I recently picked up a book, the Accidental Masterpiece in which the author speaks of the impact of art on our lives. And says, also, that we can choose to pull that impact into our lives, to create our own art or just a life informed by art, or perhaps, we can even choose a life transformed by art. And art may be ours for the defining.
arguably, are love, death, and sex in no particular ranking. There are aspects or items in life, such as beauty, architecture, or nature which seem to boost us toward those vehicles of transcendence.
Eric Maisel tells us we can create a special place, real or imaginary, which will be a safe, but inspiring place to write. I think what we are doing in setting up that place is creating a spiritual dwelling place for ourselves. (I’m hesitant to use the example, but a church is such a place set up by its members for the spiritual sense it gives them—or failing that—a place for the default rituals—the next best thing.)
For us, receivers of the revealed wisdom that we are “spiritual beings in a secular universe,” we can choose what is spiritual and what is art and what nourishes the human spirit. Those things, those places, those ideas that we can bring together, that we can curate, accumulate, create. We may engage in our own practice of art so it will inspire us further.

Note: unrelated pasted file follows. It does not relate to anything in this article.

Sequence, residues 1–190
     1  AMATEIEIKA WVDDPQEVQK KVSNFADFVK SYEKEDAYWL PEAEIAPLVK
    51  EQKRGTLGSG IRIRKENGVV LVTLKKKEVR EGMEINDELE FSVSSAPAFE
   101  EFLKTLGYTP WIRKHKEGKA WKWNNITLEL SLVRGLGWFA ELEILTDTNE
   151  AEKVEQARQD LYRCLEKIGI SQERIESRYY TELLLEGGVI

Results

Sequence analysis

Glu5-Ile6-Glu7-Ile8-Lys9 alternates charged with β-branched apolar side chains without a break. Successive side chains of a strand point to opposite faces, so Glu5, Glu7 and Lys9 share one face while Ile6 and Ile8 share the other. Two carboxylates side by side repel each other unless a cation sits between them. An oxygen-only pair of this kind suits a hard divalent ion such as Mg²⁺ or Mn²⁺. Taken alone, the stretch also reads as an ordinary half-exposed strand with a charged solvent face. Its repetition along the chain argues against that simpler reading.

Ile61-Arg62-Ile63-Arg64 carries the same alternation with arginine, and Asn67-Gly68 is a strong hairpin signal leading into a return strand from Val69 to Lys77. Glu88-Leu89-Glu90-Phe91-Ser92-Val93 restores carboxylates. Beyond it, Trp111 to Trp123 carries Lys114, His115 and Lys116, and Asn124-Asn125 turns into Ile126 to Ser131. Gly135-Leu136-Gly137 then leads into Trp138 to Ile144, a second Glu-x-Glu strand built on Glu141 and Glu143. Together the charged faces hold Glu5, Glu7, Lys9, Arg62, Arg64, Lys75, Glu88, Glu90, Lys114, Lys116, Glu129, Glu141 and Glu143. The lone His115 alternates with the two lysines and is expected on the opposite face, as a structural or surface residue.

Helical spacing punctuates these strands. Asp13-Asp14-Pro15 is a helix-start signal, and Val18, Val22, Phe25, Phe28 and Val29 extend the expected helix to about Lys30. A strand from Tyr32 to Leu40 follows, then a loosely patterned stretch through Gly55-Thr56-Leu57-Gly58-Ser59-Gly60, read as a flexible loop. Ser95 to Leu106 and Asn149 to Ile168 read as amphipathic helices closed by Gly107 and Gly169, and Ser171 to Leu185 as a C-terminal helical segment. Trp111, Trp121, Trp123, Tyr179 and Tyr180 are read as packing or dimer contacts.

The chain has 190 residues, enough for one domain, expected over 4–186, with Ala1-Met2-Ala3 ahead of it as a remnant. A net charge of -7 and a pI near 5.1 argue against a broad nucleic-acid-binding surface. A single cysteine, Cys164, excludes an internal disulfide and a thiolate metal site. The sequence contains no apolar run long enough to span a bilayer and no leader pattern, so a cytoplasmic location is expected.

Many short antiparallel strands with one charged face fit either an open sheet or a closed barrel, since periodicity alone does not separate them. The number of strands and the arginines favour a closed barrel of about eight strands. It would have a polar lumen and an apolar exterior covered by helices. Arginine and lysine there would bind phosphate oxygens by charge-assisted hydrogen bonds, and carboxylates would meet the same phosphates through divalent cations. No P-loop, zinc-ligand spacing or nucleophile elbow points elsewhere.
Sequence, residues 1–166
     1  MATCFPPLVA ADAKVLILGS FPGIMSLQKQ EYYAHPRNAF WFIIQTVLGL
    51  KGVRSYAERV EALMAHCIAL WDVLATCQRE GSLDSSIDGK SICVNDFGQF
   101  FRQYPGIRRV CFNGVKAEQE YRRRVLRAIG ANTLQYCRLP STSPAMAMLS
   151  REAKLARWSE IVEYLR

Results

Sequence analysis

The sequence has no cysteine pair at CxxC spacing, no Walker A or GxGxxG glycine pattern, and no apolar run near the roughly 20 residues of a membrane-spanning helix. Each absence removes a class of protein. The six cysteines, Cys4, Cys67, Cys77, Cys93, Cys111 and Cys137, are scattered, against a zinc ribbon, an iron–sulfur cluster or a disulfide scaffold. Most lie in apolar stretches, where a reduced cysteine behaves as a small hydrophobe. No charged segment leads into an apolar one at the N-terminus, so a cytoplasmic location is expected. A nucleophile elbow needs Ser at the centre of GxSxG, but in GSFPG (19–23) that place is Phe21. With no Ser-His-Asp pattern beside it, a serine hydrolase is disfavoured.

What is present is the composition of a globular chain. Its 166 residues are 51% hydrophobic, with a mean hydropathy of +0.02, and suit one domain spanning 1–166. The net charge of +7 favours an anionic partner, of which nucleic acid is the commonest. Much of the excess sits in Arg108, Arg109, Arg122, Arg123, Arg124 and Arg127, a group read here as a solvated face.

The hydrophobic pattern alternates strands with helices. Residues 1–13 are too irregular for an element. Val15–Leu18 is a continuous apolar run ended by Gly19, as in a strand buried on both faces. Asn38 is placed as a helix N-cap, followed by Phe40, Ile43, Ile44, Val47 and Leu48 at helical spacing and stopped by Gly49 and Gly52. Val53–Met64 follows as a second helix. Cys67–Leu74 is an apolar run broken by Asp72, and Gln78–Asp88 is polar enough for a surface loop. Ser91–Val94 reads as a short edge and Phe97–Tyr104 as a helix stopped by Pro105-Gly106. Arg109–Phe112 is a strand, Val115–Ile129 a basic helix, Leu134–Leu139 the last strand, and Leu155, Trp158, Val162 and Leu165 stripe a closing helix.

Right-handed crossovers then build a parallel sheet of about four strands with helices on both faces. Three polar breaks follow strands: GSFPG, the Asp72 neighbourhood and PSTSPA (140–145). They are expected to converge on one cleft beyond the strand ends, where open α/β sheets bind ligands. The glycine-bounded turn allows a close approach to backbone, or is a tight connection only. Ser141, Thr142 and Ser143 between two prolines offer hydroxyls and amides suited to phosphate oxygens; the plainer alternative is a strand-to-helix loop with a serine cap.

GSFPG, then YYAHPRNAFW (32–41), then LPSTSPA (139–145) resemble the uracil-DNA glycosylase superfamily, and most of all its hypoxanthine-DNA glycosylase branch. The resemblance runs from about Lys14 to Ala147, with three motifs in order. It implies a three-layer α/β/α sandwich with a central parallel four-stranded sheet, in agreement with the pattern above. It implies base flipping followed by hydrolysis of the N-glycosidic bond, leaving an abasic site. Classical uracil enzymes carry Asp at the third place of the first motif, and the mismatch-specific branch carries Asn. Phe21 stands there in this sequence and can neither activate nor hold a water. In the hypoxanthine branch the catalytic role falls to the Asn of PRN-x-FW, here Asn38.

This is no small item. Inspiring ourselves. Even when inspired by something or someone else we participate in our own inspiration. Certainly, we must. Art and other creative acts are never truly isolated. We bring them forth as products of ourselves, our world, and our culture.
So it is with our writing, or it can be. This is true, also, of those who don’t think of themselves as writers. Writing is an art or craft like many other endeavors. What you get out of it is in relation to what you put into it.